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So All May Eat Cafe uses honor system to accomplish that goal

Libby and Brad Birky founded the SAME Cafe, which allows patrons to pay what they can. (CARMEL ZUCKER FOR THE LOS ANGELES TIMES)

DENVER -- In the six months since Libby and Brad Birky opened a small cafe on a grungy strip of Colfax Avenue, they have no idea how much money they've made. Or how much their customers have paid for a bowl of chicken chili or a slice of organic pesto pizza.

Prices, profits -- those don't mean much in the SAME Cafe. The acronym stands for "So All May Eat," and that philosophy is all that matters.

After years of volunteering in soup kitchens, Libby and Brad wanted to create a place that would nourish the hungry without setting them apart. No assembly-line service, no meals mass-produced from whatever happened to be donated that week. Just fresh, sophisticated food, made from scratch, served up in a real restaurant -- but a restaurant without a cash register.

Pay what you think is fair, the Birkys tell their customers. Pay what you can afford.

Those who have a bit more are encouraged to drop a little extra in the donations box up front. Those who can't pay are asked to work in the kitchen, dicing onions, scrubbing pots, giving back any way they can.

The Birkys could probably feed more hungry people, with far less effort, by donating the cash they spend on groceries to a homeless shelter.

That's not the point.

"It's not just the food," Libby says. "Often, homeless people, people in need, don't receive the same attention and care. Here, someone recognizes them, looks them in the eye, talks to them like they're just as valuable as the next person in line. That's why we do this."

Brad has turned away several panhandlers. He's not rolling pizza dough for four hours a day to give handouts.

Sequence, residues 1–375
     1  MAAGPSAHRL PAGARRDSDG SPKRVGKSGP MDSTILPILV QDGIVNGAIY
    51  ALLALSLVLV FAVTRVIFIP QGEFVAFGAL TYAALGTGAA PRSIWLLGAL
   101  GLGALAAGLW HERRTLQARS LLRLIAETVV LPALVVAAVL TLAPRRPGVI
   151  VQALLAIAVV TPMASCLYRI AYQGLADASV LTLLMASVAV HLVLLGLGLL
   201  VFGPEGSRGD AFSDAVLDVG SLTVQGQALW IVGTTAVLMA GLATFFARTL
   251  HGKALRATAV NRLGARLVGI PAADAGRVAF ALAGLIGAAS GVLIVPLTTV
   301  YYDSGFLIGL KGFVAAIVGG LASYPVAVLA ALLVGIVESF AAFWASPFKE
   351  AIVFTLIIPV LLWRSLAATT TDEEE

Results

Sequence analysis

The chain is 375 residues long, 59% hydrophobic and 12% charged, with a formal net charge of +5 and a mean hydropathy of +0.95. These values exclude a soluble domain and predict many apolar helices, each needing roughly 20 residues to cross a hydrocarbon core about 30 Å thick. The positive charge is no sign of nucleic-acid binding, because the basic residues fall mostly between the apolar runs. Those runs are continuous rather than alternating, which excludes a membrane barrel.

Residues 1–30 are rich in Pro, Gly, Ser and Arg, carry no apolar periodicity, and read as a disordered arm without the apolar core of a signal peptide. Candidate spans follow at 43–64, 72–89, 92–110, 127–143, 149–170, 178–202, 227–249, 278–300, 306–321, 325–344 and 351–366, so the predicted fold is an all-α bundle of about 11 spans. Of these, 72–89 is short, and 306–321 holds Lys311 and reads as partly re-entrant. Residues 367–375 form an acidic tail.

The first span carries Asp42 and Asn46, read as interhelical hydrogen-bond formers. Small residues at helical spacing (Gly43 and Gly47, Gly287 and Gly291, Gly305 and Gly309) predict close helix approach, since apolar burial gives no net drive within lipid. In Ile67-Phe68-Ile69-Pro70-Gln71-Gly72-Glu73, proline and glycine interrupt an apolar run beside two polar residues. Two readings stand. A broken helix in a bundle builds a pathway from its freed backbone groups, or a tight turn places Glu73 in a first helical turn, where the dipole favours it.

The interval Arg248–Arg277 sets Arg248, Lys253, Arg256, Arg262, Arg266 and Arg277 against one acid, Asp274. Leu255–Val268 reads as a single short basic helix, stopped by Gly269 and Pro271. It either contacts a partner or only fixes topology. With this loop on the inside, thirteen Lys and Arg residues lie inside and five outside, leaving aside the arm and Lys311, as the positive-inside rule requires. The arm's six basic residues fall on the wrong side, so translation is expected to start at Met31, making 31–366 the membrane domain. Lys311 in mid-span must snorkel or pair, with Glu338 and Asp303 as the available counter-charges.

He and Libby aim to build a community in the SAME Cafe, one that draws in bankers and students and women living on the streets. They want their small space to fill with conversation -- and with fellowship.

On this warm spring afternoon, James Duncan, 44, pedals up to the cafe and locks his bike to a rack. His T-shirt is ringed with sweat; his hair is matted.

Another regular comes in, an older woman named Dee.

"What about that hat?" Dee squeals, laughing at Libby's chef's cap.

"Until Dee discovered the cafe, she lived on instant noodles and cold cereal, with a fast-food burger now and then. Now, she lunches in the cafe at least four times a week. When she can, Dee pays $3 or $4. When she can't, she mops the floor.

James, a part-time math teacher, is out of cash today. He carries his empty bowl to the kitchen, pulls on rubber gloves, and starts washing.

In the back of the restaurant, Will Murray, 52, is wondering how much to drop in the donations box after a meal of soup, salad, and pizza. Ten dollars, he decides. On the wall behind him are framed quotations about giving: "A person's true wealth is the good he or she does in the world," and "Be the change you want to see."

"Maybe I'll toss in a few more," he says.